New findings published in the Journal of Criminal Psychology by researchers at Western California University (WCU) reveal that adult males in prison with posttraumatic stress disorder (PTSD), panic disorder (PD) and alcohol use disorder (AUD) are more likely to commit violent offenses. 

For the study, scientists evaluated the mental health of male detainees at local detention centers to assess associations between PTSD, PD and AUD and violent crimes. 

Results showed that less than half of detainees exhibited symptoms consistent with PTSD, while one quarter reported having panic attacks in the past year. More than one third of these males met the criteria for moderate or severe AUD. Furthermore, researchers found that inmates frequently suffered from all three conditions. 

“Determining how these conditions interact to exacerbate the propensity for violence can help inform the development of proper prevention and intervention programs in local detention centers as detainees prepare to reenter the community,” said Alexa Barrett, a clinical psychology master’s student at WCU and one of the study’s researchers.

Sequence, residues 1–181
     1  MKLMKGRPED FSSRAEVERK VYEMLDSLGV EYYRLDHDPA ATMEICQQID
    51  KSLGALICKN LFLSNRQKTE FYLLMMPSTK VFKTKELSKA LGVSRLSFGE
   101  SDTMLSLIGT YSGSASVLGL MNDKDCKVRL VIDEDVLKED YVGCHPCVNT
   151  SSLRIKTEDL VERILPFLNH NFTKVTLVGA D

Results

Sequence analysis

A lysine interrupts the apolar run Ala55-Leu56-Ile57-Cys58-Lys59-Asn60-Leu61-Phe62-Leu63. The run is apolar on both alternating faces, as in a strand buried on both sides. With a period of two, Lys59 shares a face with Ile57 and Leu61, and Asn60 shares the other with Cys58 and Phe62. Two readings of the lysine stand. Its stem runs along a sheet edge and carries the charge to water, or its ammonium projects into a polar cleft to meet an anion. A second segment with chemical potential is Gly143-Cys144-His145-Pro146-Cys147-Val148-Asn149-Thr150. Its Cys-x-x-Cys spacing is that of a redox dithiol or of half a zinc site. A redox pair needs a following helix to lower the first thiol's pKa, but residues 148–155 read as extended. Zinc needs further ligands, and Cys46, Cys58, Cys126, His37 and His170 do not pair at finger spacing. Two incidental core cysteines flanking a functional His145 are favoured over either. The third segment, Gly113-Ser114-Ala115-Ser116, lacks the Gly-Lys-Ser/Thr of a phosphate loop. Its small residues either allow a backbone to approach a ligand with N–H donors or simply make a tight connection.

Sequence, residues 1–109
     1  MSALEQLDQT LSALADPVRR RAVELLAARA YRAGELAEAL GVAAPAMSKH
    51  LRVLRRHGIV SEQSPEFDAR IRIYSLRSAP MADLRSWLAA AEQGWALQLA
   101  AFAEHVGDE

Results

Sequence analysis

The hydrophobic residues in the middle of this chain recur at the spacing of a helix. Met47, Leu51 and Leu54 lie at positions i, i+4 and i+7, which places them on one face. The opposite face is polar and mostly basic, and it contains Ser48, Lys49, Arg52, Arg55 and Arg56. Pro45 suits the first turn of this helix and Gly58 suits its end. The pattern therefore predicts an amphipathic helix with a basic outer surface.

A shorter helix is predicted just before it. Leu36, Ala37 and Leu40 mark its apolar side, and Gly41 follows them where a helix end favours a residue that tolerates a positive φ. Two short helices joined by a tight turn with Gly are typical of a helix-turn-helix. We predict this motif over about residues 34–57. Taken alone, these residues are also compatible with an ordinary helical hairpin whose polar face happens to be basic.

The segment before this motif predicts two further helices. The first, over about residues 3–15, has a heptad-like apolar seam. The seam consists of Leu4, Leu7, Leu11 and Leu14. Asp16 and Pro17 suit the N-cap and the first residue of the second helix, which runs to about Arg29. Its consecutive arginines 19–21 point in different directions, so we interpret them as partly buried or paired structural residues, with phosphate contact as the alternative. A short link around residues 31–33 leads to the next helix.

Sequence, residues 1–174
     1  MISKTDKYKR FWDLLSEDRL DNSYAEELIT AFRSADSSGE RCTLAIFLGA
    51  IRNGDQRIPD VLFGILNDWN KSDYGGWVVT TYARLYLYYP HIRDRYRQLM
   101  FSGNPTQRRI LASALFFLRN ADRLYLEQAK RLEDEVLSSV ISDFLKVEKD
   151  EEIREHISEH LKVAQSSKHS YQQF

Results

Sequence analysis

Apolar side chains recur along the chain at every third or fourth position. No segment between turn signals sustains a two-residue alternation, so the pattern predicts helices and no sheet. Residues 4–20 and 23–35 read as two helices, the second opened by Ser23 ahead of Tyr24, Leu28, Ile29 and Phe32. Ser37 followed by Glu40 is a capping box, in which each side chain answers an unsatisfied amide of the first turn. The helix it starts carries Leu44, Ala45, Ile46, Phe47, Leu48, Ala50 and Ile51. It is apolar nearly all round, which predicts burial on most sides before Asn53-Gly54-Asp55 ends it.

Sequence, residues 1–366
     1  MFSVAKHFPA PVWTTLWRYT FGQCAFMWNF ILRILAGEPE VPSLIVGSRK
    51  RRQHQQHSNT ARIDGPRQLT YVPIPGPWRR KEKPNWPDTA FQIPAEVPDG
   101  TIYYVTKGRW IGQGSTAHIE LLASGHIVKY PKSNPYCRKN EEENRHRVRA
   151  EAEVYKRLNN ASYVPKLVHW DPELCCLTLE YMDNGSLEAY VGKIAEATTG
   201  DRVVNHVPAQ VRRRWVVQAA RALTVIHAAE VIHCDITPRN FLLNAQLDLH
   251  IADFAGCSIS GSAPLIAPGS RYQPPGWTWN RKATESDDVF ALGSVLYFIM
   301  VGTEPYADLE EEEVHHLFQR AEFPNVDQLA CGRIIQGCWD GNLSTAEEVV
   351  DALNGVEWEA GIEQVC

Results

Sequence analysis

Another key finding showed that many male detainees experienced panic attacks, which were linked to their charges of violence. (Scientists suggested that it’s possible inmates who undergo these feelings of intense fear are more prone to respond to stressful occurrences in life with aggressive behavior.) 

Researchers advised that affordable screening and evaluation processes could and should be implemented for detainees after release.

“Positive indications could be referred for full assessment, and those results could be used to inform appropriate community-based interventions following release,” Barrett said. 

In addition, these findings offer scientists useful information about the effects of PTSD, PD and AUD in combination. Researchers plan to conduct further studies on a tactful method that could be used to determine whether violent offenses signal the presence of these disorders in the prison population.

For related coverage, read “Should Mental Health Disorders Be Approached Differently?”